Bang Si-hyuk is riding a 20-year wave of popularity for a formula of photogenic performers and synthesised beats.
THE global Korean-pop music craze is generating a fortune for Bang Si-hyuk, a South Korean producer known as “Hitman”.
Thanks to legions of fans obsessively devoted to boyband BTS, known collectively as the Army, the estimated value of his production company has soared, making him one of the biggest winners in the K-pop boom.
Mr Bang, 46, is worth US$770 million, according to the Bloomberg Billionaires Index.
The band – short for Bangtan Sonyeondan, which translates to Bulletproof Boy Scouts – sold out London’s 90,000-seat Wembley Stadium in just 90 minutes this year. They also performed to a sold-out National Stadium at the Singapore Sports Hub in January.
The BTS members, all in their 20s, bond with fans by opening up via social media about their anxieties and struggles, which Mr Bang called a “window into the soul of BTS”.
The producer and his Big Hit Entertainment are riding a 20-year wave of popularity for a formula of highly choreographed, photogenic performers and synthesised beats.
The industry that unleashed such hits as Psy’s “Gangnam Style” is now worth US$5 billion, according to Korea Creative Content Agency.
“Bang’s focus on fan communications has become the biggest driving force of BTS’ popularity,” said Kwak Young-ho, co-founder at Hanteo Chart, which partners Billboard on album sales data. “BTS has now become a platform.”
The mania has delivered sold-out concerts, No 1 albums, billions of YouTube views, and it made the group’s seven members the world’s most tweeted-about celebrities.
The band collaborated on Unicef’s anti-violence campaign, with the hit “Love Yourself” albums, and last year, its members became the first K-pop stars to address the United Nations.
Big Hit had considered a potential initial public offering in 2017, but Mr Bang said at the time that the company would need to become bigger and establish a more sustainable production system before making that move.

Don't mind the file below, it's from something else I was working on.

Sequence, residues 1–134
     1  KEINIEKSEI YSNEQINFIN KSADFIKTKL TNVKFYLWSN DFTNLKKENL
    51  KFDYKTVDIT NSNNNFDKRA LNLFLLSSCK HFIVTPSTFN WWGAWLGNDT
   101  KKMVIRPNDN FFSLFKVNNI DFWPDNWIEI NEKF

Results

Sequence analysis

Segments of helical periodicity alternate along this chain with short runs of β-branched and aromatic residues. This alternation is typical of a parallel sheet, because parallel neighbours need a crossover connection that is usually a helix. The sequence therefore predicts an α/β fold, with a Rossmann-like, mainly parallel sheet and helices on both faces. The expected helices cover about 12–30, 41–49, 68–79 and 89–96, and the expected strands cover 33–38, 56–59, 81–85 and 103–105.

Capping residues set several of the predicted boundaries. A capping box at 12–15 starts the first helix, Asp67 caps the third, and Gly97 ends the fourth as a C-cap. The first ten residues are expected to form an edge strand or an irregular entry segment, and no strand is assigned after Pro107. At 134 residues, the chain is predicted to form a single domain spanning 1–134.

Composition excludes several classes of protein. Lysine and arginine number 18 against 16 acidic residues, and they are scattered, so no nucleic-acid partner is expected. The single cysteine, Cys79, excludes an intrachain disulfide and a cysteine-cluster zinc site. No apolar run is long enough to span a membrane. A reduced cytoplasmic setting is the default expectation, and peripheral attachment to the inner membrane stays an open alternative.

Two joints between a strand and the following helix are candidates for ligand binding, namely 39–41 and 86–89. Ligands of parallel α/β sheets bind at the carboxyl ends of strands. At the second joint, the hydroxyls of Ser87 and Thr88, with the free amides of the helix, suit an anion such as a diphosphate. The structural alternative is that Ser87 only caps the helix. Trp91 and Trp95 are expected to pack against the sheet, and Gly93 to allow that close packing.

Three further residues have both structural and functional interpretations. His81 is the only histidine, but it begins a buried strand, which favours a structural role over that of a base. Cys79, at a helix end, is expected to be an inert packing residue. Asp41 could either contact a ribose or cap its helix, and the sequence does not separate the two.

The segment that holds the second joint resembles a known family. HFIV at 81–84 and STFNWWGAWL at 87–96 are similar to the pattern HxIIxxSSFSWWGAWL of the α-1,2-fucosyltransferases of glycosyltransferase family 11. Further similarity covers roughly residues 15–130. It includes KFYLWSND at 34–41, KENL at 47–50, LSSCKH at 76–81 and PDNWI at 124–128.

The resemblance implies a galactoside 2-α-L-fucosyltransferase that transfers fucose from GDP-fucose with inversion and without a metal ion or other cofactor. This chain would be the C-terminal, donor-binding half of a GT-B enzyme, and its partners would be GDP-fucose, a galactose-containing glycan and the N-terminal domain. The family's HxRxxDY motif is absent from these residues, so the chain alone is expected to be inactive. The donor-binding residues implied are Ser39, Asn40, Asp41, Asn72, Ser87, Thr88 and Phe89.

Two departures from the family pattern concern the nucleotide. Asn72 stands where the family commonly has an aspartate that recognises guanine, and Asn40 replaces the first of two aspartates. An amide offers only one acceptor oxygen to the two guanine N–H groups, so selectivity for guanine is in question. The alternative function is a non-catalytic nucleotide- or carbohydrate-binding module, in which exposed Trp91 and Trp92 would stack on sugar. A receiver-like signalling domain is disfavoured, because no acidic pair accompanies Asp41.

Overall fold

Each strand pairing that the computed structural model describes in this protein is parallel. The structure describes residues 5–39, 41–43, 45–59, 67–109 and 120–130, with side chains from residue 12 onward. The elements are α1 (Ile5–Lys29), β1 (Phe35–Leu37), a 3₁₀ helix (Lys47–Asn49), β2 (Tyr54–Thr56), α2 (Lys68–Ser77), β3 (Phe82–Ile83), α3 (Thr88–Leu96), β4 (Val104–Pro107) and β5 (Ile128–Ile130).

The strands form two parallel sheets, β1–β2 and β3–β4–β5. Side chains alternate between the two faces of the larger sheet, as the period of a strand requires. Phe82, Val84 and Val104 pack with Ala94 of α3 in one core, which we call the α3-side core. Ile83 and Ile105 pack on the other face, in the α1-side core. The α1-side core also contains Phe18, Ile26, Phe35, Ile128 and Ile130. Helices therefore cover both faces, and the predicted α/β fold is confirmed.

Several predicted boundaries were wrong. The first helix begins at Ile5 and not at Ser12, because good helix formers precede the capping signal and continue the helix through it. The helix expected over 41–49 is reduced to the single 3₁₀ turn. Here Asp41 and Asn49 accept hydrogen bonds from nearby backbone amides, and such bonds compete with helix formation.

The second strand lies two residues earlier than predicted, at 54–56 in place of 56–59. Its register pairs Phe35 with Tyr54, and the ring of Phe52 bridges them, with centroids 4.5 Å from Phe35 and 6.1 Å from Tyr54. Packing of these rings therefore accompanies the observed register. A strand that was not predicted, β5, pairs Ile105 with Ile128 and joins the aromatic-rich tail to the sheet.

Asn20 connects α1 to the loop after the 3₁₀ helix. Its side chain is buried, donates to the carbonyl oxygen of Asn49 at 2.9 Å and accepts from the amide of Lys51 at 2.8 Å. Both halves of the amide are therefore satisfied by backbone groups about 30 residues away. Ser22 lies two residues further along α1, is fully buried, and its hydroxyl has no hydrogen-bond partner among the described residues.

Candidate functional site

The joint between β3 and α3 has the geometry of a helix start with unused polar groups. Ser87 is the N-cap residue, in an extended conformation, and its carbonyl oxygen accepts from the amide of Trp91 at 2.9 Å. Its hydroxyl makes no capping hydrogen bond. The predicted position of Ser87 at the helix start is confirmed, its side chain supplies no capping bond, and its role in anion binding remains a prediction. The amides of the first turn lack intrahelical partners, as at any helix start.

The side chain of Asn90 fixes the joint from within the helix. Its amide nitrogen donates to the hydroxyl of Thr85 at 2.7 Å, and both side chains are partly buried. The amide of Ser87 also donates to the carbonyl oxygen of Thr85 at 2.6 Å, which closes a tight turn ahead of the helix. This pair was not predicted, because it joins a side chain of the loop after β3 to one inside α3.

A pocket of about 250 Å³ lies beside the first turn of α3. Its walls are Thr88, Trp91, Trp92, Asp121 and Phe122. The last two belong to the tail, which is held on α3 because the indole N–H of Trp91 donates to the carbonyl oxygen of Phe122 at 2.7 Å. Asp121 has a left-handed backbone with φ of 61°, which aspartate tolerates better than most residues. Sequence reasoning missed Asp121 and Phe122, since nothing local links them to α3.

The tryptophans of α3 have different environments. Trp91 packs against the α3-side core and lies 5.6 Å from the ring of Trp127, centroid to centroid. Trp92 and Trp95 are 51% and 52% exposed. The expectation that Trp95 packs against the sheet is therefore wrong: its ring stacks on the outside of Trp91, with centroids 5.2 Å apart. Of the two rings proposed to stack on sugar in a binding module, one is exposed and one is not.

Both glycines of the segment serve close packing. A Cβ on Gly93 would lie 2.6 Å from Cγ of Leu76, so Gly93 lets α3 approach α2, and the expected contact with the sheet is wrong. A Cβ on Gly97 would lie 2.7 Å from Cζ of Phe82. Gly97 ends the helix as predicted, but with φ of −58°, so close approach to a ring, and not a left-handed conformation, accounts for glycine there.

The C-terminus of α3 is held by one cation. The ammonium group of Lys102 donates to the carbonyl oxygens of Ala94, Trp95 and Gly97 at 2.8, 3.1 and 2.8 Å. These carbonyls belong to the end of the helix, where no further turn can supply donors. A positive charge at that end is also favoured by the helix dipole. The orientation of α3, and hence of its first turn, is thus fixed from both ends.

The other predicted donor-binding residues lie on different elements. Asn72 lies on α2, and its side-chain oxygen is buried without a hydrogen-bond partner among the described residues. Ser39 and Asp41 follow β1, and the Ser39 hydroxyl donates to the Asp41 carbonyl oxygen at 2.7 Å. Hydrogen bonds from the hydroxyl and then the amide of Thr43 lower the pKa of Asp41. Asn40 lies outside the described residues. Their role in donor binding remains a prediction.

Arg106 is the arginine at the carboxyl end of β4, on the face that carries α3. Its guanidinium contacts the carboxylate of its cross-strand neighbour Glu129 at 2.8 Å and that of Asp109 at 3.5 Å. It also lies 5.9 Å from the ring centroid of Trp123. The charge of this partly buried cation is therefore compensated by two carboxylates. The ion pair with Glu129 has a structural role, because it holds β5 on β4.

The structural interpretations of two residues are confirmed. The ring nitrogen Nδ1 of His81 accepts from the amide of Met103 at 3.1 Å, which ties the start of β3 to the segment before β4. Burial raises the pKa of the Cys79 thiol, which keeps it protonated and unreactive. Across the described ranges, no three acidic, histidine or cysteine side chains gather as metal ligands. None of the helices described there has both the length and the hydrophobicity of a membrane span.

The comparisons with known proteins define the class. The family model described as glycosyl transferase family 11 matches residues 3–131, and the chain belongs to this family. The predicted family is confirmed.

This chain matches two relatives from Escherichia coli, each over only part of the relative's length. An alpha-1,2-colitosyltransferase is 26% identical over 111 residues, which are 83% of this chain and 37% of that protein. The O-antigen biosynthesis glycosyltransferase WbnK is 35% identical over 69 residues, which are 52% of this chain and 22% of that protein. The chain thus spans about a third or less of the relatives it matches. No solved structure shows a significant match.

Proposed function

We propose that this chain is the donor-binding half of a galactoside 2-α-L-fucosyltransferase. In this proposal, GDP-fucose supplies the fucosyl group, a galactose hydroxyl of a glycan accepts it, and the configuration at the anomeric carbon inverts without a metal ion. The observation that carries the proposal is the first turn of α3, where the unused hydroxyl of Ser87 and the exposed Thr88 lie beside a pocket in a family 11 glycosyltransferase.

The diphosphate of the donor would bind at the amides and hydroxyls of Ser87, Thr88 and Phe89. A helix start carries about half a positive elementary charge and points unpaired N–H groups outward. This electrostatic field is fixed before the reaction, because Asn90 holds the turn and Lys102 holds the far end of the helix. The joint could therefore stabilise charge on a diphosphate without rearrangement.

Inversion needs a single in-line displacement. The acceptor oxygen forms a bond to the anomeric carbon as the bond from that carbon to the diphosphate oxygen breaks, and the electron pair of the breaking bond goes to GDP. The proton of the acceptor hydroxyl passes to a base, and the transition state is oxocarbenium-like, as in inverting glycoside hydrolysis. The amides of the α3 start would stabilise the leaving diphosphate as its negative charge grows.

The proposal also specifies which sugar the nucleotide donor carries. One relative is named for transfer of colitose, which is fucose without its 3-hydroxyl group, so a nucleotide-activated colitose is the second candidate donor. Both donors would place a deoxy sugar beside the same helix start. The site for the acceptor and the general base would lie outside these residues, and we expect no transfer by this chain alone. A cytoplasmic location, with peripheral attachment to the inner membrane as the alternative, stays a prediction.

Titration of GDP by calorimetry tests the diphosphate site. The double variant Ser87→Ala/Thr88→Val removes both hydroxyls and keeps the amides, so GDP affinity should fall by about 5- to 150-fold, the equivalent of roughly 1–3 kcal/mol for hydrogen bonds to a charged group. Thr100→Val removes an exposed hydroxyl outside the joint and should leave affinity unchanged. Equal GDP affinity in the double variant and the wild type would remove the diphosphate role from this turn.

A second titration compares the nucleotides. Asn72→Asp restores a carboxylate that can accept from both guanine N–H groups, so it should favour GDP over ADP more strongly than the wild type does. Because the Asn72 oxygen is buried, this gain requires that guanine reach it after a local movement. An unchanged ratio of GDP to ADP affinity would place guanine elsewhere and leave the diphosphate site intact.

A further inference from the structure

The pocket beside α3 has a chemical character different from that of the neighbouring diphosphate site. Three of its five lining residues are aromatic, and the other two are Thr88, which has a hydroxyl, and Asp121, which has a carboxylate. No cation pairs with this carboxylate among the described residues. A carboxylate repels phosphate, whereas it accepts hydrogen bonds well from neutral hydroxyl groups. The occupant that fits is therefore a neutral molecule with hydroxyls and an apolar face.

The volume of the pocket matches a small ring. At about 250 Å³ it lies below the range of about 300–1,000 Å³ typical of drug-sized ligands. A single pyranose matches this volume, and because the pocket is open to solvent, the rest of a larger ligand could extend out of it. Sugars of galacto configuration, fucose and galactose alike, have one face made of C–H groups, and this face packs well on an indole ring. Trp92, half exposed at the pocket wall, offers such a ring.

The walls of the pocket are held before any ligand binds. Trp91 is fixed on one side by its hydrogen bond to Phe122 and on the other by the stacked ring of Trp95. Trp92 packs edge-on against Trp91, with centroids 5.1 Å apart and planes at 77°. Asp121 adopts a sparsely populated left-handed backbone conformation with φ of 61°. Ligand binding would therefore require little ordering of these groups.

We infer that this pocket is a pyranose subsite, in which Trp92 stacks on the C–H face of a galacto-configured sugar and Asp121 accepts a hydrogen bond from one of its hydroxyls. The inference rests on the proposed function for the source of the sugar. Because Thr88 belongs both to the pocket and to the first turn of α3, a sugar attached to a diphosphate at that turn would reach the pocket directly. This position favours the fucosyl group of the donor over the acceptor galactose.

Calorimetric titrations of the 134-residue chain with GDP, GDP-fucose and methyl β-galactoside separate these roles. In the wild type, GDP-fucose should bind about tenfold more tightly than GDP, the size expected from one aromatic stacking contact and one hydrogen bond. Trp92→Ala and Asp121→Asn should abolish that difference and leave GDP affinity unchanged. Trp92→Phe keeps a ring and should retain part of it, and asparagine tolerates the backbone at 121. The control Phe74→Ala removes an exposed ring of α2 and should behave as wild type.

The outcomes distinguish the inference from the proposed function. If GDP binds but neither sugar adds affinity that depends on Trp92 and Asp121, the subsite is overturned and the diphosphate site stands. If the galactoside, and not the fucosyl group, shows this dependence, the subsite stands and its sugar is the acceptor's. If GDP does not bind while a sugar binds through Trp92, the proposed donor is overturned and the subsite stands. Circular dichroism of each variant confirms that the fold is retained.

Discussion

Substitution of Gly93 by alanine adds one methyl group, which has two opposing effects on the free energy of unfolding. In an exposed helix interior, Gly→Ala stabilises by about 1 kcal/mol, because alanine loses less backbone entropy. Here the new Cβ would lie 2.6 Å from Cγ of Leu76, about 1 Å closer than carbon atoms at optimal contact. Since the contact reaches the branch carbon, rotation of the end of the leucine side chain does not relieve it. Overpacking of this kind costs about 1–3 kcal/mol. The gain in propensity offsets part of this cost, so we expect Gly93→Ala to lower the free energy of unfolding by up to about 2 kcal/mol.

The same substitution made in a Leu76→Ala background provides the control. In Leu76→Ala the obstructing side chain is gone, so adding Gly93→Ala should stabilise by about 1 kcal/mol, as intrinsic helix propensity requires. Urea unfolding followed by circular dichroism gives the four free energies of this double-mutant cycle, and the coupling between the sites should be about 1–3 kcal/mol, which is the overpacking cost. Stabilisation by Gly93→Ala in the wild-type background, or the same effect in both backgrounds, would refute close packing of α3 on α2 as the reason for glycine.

The firm’s second-biggest investor after Mr Bang is Netmarble, a gaming company led by his cousin.
Mr Bang’s stake representing 49 per cent of Big Hit common shares was valued by the Bloomberg Billionaires Index using 2018 financials and price-to-earnings multiples of publicly traded industry peers SM Entertainment, JYP Entertainment and YG Entertainment.
Big Hit’s revenue more than doubled to 214 billion won (S$254 million) in 2018, according to regulatory filings.
“I’m happy, but at the same time it feels surreal,” Mr Bang said of his success in a rare 2017 interview with Bloomberg.
A songwriter and fan of American hip-hop, he entered the music industry in his 20s and came up with a string of hits at JYP Entertainment, helping to set the foundation for K-pop idol culture.
Although the “Hitman” moniker was derived from his family name, Mr Bang earned his reputation as a hit-maker and launched Big Hit in 2005.
He struggled initially, and the company edged towards bankruptcy in its early years. Business was sometimes so quiet that artistes stopped by the office only to play tennis matches on Big Hit’s Nintendo Wii, Mr Bang said in the interview.
While BTS remained insulated from a sex and corruption scandal that rocked the K-pop world last month, the band had its own controversy in late 2018 when a T-shirt worn by one member and depicting an atomic bomb explosion led to furore in Japan.
As the band’s popularity surged, companies from Coca-Cola to Puma and Hyundai have signed up the stars as brand ambassadors.
In addition to Big Hit’s proprietary merchandise such as games and cushions to pajamas featuring characters created by BTS, there’s even a line of Barbie dolls.
Mr Bang is a low-key figure not known for the ostentatious displays of wealth often seen in K-pop.
While known as something of a foodie, he was downing a US$3 bowl of soup from a convenience store during the 2017 interview. Appearing as a mentor in an “Idol-style” television show, he bluntly scolded contestants for not trying hard enough.
The BTS whirlwind is now sweeping the US, with the band making its debut on “Saturday Night Live” this weekend and a May 1 appearance at the Billboard Music Awards in Las Vegas.
In 2017, Mr Bang was asked whether Big Hit would make as much money with BTS as artistes like Taylor Swift and Beyonce. “Yes,” he said. “But only if I make the right moves.” WP